Is Mugabe Turning His Back On The War Veterans?
President Robert Mugabe may be entering the most perilous stage in the history of his leadership of the country of Zimbabwe. From within and without, pressure is mounting on Mugabe to either step down or make policy concessions that he has long opposed. Much of the opposition to Mugabe is misguided and comes from forces that do not have the best interests of the Zimbabwe people at heart but Mugabe may be compounding his own problems by turning his back on a key constituency that helped return his party to power in June.
Many observers are familiar with the opposition that Mugabe has received from the international community and the country's opposition political party -- the Movement For Democratic Change (MDC) -- for his handling of white farmers who own a disproportionate amount of the country's most productive land. And still others are familiar with Mugabe's support of the Black war veterans who seized land from these farmers that they argued belonged to the larger Black Zimbabwe population.
But few observers, especially Mugabe supporters, have commented on the about face that President Mugabe appears to have committed against these same war veterans, soon after the June election where Mugabe's ZANU-PF barely won a majority of seats in Zimbabwe's parliament.
This month, the very same war veterans that vocally backed Mugabe and ZANU-PF during a heated campaign season, have been forcibly removed by Zimbabwe authorities, at least on two occasions, from the land they had previously been allowed to stay on.
Zimbabwe police carried out the removals and there is disagreement over who in authority is responsible for the police action and which political party the police officers are loyal to - ZANU-PF or MDC - but in either case, many Mugabe supporters are furious that the president allowed the second police action against the war veterans earlier this week. Mugabe ordered the first series of removals ended when he returned to the country after a trip to the US.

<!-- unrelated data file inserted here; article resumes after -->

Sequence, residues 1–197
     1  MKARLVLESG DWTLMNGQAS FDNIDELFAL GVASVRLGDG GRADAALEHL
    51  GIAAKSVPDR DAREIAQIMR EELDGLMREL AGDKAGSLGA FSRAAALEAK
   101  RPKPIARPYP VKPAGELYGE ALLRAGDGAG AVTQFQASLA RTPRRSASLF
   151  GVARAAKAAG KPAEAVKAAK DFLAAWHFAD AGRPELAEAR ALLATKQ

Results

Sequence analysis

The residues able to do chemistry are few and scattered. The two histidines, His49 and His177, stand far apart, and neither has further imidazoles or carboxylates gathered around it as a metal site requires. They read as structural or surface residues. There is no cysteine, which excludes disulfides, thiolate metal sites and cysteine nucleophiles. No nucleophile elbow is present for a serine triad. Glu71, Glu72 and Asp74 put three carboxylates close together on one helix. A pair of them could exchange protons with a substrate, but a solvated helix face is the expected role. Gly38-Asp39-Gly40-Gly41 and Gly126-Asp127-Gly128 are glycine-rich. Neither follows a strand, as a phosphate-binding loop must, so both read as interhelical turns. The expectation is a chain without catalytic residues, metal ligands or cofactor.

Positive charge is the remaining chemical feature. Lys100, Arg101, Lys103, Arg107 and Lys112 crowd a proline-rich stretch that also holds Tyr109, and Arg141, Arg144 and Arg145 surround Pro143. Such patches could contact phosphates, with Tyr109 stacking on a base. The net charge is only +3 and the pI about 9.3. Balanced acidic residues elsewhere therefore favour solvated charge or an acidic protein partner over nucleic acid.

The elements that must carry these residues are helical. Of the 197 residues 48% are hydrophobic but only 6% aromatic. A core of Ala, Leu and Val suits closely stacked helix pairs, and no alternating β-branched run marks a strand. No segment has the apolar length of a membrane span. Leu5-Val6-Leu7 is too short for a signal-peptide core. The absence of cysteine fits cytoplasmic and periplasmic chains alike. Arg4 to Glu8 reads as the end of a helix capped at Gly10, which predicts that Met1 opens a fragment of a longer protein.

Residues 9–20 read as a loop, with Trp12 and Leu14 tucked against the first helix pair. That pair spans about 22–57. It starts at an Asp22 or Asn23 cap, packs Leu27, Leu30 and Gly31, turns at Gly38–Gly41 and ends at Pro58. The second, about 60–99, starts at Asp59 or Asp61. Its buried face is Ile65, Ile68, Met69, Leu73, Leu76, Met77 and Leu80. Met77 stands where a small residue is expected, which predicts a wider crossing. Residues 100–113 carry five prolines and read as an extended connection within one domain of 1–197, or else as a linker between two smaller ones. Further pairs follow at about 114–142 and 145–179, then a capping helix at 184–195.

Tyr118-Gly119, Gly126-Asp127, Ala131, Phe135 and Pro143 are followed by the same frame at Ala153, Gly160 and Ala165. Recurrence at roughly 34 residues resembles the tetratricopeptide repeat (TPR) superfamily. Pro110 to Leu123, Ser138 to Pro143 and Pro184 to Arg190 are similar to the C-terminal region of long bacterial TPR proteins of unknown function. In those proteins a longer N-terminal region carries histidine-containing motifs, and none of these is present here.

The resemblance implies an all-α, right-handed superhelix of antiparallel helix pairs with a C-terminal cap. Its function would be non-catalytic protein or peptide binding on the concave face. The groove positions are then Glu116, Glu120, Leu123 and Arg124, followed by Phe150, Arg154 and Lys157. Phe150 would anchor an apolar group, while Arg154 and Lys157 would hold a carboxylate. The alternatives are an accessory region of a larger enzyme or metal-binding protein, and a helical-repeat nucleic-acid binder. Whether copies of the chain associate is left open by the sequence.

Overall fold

Many members of ZANU-PF and the war veterans themselves, are upset with Mugabe over the police action and don't understand how or why a new police action could occur if Mugabe had in fact ordered such action stopped.
Some believe that Mugabe simply used the war veterans and the land issue to get elected and now that he is in office, is attempting to distance himself from them in order to curry favor with the West and to appease the MDC inside of Zimbabwe. In addition, some see the police removals as an effort to pacify white farmers who have filed legal action against the Zimbabwe president in response to his land policies.
In addition, to the growing dissatisfaction with Mugabe among war veterans and the leadership of the ZANU-PF, the country is mired in an economic crisis featuring a rapidly rising inflation rate and Mugabe is under intense pressure from the International Monetary Fund (IMF) to make reforms to the Zimbabwe economy.
According to reports in the Zimbabwe press, Mugabe's ZANU-PF party leadership is now in agreement that Mugabe should not stand for reelection in 2002 and are looking to groom a successor to Mugabe.
ZANU-PF leadership is considering such action in light of the fact that their political party has become increasingly unpopular among the Black Zimbabwe electorate. In the June elections ZANU-PF captured 62 parliament seats to the MDC's 57 - a vote too close for the party establishment's comfort.
It was tough enough for Mugabe to fend off the United States, England, IMF, MDC and white farmers, one can only wonder how long he can survive if he adds the ZANU-PF party leadership and a bunch of angry war veterans to a growing list of enemies.
Thursday, September 21, 2000